Quadrivial Quest

A long time ago, amongst the midst of a dying Empire, there was a scholar named Boethius, who had this bright idea of dividing all knowledge into categories and writing a book about it. This he did. The lesser subjects, which were rhetoric, logic, and grammar, became known as the "trivium" (Latin for "three ways": you'd never guess that a guy with a name like Anicius Manlius Severinus Boethius was Roman). The more difficult stuff, arithmetic, geometry, music, and astronomy, became the "quadrivium" (again, Latin for "four ways").

For a thousand years, Boethius' division of knowledge into a trivium and quadrivium reigned supreme. The trivium became considered easier, in fact, trivial. (Completion of the trivium is, very roughly, equivalent to earning a Bachelor's degree; completion of the quadrivium is, again, very roughly, equivalent to earning a Master's degree)

For Quadrivial Quest (the moniker "pursuit" being already taken...), the player attempts to collect tokens that prove his sufficiency in the various disciplines before moving on to the next level. Since there are only about five people on the planet today who could play Quadrivial Quest if the questions were limited to the actual trivium and quadrivium, I've modified (read: twisted beyond recognition) the categories.

As the game is still in progress, you might want to test your wits with some of the following questions:

The game is still abuilding, but roughly the categories are:

If you want to mail me a question, please provide the question, and a reference if possible. If I use your question, I'll give you no money whatsoever, and your name in smallprint on the back of the rules book...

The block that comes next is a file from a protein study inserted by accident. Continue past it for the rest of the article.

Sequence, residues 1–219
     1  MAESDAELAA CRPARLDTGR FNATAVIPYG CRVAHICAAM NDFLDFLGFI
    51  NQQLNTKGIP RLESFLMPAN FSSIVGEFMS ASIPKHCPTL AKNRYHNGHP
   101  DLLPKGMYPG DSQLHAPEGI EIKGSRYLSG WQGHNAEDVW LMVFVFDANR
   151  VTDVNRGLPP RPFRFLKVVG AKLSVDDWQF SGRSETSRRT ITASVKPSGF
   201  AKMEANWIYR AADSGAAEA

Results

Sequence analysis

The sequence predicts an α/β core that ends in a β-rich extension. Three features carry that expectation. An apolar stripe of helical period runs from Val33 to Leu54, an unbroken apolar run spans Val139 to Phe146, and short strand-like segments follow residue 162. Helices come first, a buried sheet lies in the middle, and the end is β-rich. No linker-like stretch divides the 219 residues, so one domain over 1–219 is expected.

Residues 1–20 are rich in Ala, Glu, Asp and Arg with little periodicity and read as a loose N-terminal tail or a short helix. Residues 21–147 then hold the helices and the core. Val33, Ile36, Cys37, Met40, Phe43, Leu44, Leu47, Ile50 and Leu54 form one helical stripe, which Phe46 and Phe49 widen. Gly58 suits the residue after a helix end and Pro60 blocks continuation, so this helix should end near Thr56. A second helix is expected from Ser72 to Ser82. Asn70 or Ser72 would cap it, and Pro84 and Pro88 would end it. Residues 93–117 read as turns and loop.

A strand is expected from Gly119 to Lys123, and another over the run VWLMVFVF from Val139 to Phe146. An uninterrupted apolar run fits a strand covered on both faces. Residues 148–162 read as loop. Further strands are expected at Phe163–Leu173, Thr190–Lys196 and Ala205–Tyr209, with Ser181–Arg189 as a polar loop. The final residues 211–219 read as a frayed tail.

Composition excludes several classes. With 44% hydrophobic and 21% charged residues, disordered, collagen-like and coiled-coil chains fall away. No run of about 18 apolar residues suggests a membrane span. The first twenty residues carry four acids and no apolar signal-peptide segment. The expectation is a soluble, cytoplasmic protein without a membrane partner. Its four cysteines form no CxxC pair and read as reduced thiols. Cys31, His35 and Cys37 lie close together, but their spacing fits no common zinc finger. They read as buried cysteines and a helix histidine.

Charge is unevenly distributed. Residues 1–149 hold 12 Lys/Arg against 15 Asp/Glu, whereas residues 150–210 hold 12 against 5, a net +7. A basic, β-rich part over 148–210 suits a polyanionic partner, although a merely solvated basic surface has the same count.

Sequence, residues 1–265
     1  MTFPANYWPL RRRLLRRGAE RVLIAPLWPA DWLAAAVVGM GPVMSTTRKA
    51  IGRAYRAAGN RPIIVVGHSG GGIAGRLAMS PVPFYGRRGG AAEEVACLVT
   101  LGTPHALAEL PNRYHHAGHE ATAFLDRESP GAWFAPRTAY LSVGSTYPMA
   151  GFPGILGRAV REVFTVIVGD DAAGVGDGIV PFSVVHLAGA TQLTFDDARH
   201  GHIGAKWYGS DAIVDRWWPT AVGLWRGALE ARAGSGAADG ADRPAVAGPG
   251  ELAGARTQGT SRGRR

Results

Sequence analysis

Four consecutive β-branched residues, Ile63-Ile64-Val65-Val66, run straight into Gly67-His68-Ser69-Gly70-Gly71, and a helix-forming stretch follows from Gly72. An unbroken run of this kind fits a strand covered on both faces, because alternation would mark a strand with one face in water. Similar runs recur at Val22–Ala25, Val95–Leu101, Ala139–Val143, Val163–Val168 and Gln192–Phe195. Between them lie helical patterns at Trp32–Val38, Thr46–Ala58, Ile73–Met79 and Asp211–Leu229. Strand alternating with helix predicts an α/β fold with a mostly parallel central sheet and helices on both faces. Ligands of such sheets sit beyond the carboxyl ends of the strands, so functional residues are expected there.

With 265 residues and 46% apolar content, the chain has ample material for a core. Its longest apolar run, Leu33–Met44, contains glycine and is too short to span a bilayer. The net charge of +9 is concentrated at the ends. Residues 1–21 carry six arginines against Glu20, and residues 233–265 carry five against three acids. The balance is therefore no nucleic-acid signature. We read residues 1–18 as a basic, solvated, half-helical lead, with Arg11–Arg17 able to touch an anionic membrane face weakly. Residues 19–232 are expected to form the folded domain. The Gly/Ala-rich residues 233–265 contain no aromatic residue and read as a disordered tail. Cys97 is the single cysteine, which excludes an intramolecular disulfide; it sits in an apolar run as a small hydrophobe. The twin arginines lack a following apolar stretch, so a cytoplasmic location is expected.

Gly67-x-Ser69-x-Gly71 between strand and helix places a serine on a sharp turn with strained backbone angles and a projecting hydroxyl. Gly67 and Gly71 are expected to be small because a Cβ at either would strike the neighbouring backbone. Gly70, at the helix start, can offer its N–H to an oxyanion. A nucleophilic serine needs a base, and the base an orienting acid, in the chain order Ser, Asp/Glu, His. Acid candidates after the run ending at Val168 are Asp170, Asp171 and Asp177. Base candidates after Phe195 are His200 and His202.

A primero is a hand containing one card of each suit. See the rules elsewhere on my web page.

Cato often ended his speeches with "Carthago delenda est": Carthage must be destroyed.

The Crusaders captured (and sacked) the Christian city of Constantinople. They never made it to the Holy Land.

Adrian IV (Nicholas Breakspear) was the only English Pope.

A noble was worth 128 pennies before 1464.

Chalcedon (now in Turkey). The city got its name because right across the straits was an empty site that would eventually become Constantinople.

Hans Holbein.

Berenice's Hair, or Coma Berenice.

If you're interested in receiving an advance copy of the game, well, you can mail me, and I'll take your name down, but I haven't worked out the details of sending advanced copies out, so it might take a while before you get one.

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